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91 players in 91 days: Wide receiver Isaiah McKenzie

Buffalo’s WR3 from 2019 won’t retain that role in 2020. Will he retain his spot on the roster?

NFL: JAN 04 AFC Wild Card - Bills at Texans Photo by Leslie Plaza Johnson/Icon Sportswire via Getty Images

The Buffalo Bills added Stefon Diggs to a top-heavy wide receiver room this offseason, giving the team a bonafide number-one wideout for third-year quarterback Josh Allen. Trading for Diggs adds expectations of growth to the Bills’ offense, but it also adds pressure to some returning players with regard to their roster spots.

Buffalo had four wideouts play at least 20% of the offensive snaps last year, and all four players are currently under contract. While two are roster locks, the other two are anything but.

In today’s edition of “91 players in 91 days,” we profile one of those two members of the “20% club” who is anything but a lock to remain on the team in 2020.

Name: Isaiah McKenzie
Number: 19
Position: WR
Height/Weight: 5’8”, 173 lbs.
Age: 25 (26 on 4/9/2021)
Experience/Draft: 4; selected in the fifth round (No. 172 overall) of the 2017 NFL Draft by the Denver BroncosCollege: Georgia
Acquired: Claimed off waivers by Bills on 11/5/18

Financial situation (per Spotrac): McKenzie was a restricted free agent this year, and he was tendered a contract by Buffalo. That one-year pact is worth a total of $962,500, of which $275,000 is guaranteed. If McKenzie is released, that guarantee will stand as the dead-cap charge counting against Buffalo’s salary cap.

2019 Recap: In terms of snap share, stats, and usage, McKenzie was Buffalo’s third wideout last year, appearing on 451 offensive snaps (42.2%) for the season. McKenzie set career highs in games played (15), starts (8), targets (39), receptions (27), receiving yardage (254), receiving touchdowns (1), and scrimmage yards (303). He added eight rushes for 49 yards, and he returned kicks while Andre Roberts was out to begin the year (three kick returns for 65 yards; one punt return for four yards). McKenzie also played three defensive snaps in the season finale as a cornerback, making him one of only two players (safety Jordan Poyer is the other) to play snaps in all three phases of the game. Poyer appears on “victory formation” snaps, so McKenzie’s three-play stint as a shutdown corner is a tad more impressive.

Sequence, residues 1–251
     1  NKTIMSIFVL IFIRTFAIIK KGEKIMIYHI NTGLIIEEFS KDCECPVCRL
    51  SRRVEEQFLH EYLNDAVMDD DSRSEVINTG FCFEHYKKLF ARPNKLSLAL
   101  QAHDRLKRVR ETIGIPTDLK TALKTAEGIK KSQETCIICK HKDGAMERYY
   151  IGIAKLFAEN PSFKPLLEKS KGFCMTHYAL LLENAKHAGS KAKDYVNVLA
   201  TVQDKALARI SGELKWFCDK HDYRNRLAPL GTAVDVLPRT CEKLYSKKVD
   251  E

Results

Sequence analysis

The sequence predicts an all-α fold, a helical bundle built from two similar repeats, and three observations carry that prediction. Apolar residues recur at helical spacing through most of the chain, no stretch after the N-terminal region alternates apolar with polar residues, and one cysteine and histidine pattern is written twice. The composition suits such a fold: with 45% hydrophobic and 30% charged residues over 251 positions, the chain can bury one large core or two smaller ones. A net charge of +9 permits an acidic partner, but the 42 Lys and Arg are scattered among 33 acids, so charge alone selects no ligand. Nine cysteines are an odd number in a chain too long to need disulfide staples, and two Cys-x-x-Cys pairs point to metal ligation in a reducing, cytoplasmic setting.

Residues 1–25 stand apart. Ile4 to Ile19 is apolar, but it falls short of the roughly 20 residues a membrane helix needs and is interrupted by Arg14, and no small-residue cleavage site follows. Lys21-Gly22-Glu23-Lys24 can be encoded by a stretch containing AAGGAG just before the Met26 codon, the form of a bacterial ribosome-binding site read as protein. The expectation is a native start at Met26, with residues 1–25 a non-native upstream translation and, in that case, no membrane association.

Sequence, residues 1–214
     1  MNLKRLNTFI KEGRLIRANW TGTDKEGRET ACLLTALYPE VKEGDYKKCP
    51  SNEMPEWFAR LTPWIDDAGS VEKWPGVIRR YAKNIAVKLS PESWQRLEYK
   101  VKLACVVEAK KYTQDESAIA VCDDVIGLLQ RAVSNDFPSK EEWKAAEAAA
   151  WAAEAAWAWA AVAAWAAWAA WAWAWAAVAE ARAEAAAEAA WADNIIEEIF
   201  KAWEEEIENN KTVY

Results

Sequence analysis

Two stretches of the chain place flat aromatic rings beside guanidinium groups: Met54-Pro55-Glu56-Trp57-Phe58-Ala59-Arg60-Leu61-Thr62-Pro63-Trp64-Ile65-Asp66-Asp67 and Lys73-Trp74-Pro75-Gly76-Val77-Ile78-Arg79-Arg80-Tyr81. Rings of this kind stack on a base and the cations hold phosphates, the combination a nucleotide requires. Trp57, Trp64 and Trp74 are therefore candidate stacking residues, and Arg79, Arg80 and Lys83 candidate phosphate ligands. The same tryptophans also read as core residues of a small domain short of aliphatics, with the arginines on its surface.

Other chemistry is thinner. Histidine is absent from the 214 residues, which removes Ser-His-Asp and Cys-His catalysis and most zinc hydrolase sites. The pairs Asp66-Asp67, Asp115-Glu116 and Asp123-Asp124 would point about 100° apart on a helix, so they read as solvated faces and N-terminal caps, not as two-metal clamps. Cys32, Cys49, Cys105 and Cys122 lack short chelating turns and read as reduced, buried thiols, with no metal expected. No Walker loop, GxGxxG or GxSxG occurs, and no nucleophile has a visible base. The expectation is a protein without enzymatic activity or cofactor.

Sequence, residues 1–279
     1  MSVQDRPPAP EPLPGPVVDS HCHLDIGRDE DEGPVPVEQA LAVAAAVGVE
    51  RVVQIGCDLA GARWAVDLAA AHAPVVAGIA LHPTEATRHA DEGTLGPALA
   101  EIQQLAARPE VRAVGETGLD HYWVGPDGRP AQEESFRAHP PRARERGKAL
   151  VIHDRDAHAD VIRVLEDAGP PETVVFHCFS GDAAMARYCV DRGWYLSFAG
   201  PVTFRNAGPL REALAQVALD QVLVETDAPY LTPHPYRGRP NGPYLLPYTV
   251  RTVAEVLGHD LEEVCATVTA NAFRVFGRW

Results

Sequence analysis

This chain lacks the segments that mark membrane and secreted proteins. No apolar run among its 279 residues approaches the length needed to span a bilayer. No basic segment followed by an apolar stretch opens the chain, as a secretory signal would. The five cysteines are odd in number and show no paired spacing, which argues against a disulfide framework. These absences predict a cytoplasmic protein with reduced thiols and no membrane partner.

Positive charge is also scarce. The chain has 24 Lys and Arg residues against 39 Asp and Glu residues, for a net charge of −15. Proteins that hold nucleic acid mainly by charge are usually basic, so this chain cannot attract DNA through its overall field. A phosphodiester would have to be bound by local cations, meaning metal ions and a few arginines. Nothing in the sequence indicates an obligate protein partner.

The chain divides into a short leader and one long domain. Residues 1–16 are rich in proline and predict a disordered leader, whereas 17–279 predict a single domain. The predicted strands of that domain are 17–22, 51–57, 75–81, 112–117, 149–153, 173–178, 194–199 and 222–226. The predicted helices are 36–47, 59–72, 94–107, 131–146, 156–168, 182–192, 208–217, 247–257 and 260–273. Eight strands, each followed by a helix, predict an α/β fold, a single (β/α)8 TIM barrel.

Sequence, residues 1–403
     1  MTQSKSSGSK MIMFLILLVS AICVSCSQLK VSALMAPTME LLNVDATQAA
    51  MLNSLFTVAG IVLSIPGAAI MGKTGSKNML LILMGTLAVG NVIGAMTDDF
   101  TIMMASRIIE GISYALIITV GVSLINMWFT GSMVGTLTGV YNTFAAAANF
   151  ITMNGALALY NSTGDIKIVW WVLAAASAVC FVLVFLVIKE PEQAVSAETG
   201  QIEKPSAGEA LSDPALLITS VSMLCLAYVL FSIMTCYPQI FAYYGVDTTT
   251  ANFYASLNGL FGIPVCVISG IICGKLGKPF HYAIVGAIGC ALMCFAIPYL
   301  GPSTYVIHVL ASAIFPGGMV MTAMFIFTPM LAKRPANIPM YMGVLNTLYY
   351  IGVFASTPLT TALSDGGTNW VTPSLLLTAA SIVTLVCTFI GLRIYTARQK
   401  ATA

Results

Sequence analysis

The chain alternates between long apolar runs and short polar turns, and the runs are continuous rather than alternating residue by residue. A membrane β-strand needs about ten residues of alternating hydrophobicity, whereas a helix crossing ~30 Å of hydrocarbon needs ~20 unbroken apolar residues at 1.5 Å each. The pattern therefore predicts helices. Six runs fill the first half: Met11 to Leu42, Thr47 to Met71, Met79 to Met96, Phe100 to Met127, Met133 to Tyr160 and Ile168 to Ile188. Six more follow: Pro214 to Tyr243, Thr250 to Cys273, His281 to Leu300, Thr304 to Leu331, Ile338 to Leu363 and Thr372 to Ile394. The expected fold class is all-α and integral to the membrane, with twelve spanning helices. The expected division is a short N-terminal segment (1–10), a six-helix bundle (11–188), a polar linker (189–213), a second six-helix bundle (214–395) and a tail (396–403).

Positional outlook: The Bills invested heavily in their receiving corps this offseason, essentially spending six draft choices to acquire Stefon Diggs, Gabriel Davis, and Isaiah Hodgins. Maybe it isn’t fair to categorize those acquisitions in that way, but Buffalo sent four picks for Diggs (along with a seventh-round choice spent on cornerback Dane Jackson), then used their own fourth-rounder and sixth-rounder to draft Davis and Hodgins, respectively. This comes just one year after handing out $56 million in contracts to John Brown and Cole Beasley, who led the team in receiver snaps last year. Buffalo also has Robert Foster, the fourth member of the “20% club,” returning this year, along with Duke Williams and Andre Roberts. Nick Easley and Ray-Ray McCloud III round out the receiver group.

2020 Offseason: Nothing new to report.

2020 Season outlook: I like McKenzie, I really do, but I find it hard to believe that the Bills will keep him on the roster this year given the level of investment they’ve made in the position over the last two years. Barring something truly bizarre, the “locks” here are Diggs, Brown, and Beasley. I don’t think they’ll cut a fourth-round pick before his rookie year, so I consider Davis to be a lock as well. Roberts is a highly valued returner, and while I don’t view him as a “lock,” he’s darn close. That would leave McKenzie battling Hodgins, Williams, and Foster for one or two spots on the roster. My feelings on who stays and who goes seems to shift daily (and it will probably continue to do so until we have actual football to watch and evaluate), but if I’m making the roster, I keep Hodgins and McKenzie over Williams and Foster. McKenzie’s ability to return kicks (even if he gives me a heart attack every time he does it) plus his ability to work as a move-receiver-slash runner makes him more valuable than someone like Foster, whose consistency issues on offense aren’t offset by his success as a gunner on special teams. I won’t be surprised with whatever decision the team makes regarding McKenzie, but I’ll be keeping a close eye on the reports surrounding the receiver group when training camp begins in July.